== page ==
The House of Representatives passed President Biden’s economic agenda, known as the Build Back Better Act, in late November. The legislation is currently before the Senate. Last week, Senate Majority Leader Chuck Schumer, D-N.Y. wrote in a letter to his colleagues that his goal is to have the measure approved by Christmas.
Just in time for this landmark legislation, Jessica Montoya joined FoodCorps as Policy Director in September and brought her expertise to immediately advocate for passage of this bill. She has conducted over 50 meetings with grassroots partners and congressional staff in support of the Build Back Better Act and in order to lay the groundwork for CNR in 2022.
In addition, FoodCorps joined hundreds of other schools and organizations to urge Congressional leadership to keep children a priority in this once-in-a-generation opportunity, including sending a letter recently with more than 100 signatures from partner organizations.
FoodCorps applauded policymakers’ actions to keep provisions intact around school meals, kitchen upgrades, and nutrition education. Although we were disappointed that the funding was pared down, we see this legislation as significant progress and an important down payment on future child nutrition programs.
The current legislation includes:
- Expansion of the Community Eligibility Program to increase access to free school meals for 8.9 million more children through July 2026.
- $50 million for Summer Electronic Benefit Transfer payments to continue through summer 2024.
- $250 million in grants and monetary incentives in fiscal year 2022 for Healthy Food Incentives demonstration project, including improving nutritional quality of meals, increasing local procurement, and funding for nutrition education positions.
- $30 million for School Kitchen Equipment Grants for training and technical assistance to support scratch cooking, and to purchase equipment necessary to serve healthier meals, improve food safety, and increase scratch cooking.
Policy wins at the state level
A number of states ushered in important policy wins. Here are a few we were particularly excited about:
- California became the first state to pass free school meals for all legislation, guaranteeing that all California kids will permanently have access to free, nutritious meals at school.
- Maine also passed its own free school meals for all legislation.
- The Oregon state legislature approved $10.2 million in funding for Oregon’s Farm to School Grant program, thanks to advocacy by Oregon Farm to School and School Garden Network.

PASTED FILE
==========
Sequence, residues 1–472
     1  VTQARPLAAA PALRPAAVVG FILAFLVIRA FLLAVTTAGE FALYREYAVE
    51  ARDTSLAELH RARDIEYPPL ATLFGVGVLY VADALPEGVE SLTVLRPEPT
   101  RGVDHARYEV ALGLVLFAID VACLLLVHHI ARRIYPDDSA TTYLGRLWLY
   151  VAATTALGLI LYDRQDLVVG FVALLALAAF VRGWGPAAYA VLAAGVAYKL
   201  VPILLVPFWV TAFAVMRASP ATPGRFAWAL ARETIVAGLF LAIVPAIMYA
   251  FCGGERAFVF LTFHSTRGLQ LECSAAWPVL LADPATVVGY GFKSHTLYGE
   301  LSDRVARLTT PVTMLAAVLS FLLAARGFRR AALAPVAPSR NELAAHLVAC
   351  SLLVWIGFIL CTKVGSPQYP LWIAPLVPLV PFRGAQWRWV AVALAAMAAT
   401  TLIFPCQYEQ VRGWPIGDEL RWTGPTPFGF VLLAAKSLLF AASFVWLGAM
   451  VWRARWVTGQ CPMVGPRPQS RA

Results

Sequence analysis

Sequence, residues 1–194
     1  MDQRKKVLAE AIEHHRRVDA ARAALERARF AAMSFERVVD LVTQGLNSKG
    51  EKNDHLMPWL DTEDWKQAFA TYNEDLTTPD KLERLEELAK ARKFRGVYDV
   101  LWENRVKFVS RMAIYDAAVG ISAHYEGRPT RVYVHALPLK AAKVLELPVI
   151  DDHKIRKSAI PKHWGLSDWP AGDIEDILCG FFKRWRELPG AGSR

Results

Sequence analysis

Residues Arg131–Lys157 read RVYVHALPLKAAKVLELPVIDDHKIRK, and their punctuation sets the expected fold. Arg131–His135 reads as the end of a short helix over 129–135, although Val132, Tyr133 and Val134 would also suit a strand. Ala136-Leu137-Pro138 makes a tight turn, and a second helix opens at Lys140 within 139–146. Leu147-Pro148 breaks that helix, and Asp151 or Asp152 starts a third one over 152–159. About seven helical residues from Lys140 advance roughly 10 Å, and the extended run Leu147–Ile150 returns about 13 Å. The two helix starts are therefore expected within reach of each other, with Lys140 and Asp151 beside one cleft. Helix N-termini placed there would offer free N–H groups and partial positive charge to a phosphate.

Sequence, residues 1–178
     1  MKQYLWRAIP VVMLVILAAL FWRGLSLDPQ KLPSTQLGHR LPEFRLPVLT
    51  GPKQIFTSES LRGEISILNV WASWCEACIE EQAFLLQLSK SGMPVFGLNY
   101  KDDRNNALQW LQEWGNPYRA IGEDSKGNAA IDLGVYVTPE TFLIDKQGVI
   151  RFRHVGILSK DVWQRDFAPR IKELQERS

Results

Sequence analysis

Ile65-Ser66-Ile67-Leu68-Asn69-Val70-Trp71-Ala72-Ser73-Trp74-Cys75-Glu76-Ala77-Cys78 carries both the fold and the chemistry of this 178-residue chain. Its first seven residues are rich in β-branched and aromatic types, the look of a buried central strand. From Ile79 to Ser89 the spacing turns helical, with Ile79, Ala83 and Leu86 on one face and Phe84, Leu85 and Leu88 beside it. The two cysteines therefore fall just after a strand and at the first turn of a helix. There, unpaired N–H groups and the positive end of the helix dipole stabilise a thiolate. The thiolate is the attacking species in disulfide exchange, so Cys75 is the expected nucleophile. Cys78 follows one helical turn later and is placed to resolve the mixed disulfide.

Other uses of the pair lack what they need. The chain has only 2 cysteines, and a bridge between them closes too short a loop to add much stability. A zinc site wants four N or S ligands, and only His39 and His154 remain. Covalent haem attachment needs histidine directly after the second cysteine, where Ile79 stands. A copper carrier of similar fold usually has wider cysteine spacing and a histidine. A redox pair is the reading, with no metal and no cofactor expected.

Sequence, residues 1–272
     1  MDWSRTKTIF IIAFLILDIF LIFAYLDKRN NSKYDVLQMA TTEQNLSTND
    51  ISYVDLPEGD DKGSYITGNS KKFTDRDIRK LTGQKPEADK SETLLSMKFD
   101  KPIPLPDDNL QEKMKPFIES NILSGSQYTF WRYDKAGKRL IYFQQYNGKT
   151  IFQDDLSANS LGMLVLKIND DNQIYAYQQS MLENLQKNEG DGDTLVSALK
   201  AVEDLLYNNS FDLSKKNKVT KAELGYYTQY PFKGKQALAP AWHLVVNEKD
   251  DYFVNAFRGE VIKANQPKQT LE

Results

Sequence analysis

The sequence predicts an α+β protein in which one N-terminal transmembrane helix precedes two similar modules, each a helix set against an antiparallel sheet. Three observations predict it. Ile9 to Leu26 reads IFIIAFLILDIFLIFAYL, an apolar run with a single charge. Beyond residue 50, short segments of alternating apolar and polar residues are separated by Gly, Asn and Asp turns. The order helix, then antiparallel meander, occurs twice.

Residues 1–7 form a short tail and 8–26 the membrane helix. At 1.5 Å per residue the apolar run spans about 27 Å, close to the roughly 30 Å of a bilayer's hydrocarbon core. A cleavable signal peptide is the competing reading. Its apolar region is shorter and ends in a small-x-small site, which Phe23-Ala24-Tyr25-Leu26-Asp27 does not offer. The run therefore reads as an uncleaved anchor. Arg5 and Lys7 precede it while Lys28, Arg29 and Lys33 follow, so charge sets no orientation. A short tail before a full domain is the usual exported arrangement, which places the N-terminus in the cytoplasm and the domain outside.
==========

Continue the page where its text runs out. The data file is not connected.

- Connecticut’s budget for the 2022-2023 year included $250,000 annually in American Rescue Plans funds for its CT Grown for CT Kids Grants Program.
- In Michigan, $5 million was secured for 10 Cents a Meal for Michigan’s Kids & Farms, the state-run program that matches school purchases of Michigan-grown fruits and vegetables for up to ten cents per meal, thanks to advocacy by the Groundwork Center for Resilient Communities and other partners.
- Massachusetts made progress on advancing free school meals for all legislation, including banning schools from punishing families with school lunch debt.
The ongoing supply chain crisis
As communities everywhere continue to recover from the pandemic, people and businesses around the world are facing major supply chain issues from delays to product shortages and price increases—and school food is no exception. In response, the USDA announced $1.5 billion in funding to states as well as some program flexibilities to help schools navigate the supply chain challenges.
While staff and food shortages are felt by many school districts across the country, some school nutrition programs with local vendor relationships and scratch cooking already in place report fewer supply chain issues, which illustrates how farm to school and local procurement contributes to creating a resilient food system.
What’s ahead in 2022
In 2022, FoodCorps will continue to work with legislators to advance our policy priorities through passage and implementation of the Build Back Better Act and Child Nutrition Reauthorization. Although timing is uncertain, FoodCorps will have renewed focus and conduct more advocacy to urge Congress to pass these important pieces of legislation.
Furthermore, 2022 is an election year, and many are already predicting that the the House of Representatives will be controlled by a Republican majority. This will make passing legislation and advancing FoodCorps’ agenda more difficult because of likely partisan gridlock. As such, we will continue to advocate as much as possible to advance our legislative priorities with our current Congress.
As always, we will continue to advocate for the ideal laid out in our Policy Vision: to dismantle the systemic inequities in our food and education systems so that every child—regardless of race, place, or class—gets the nourishment they need to thrive.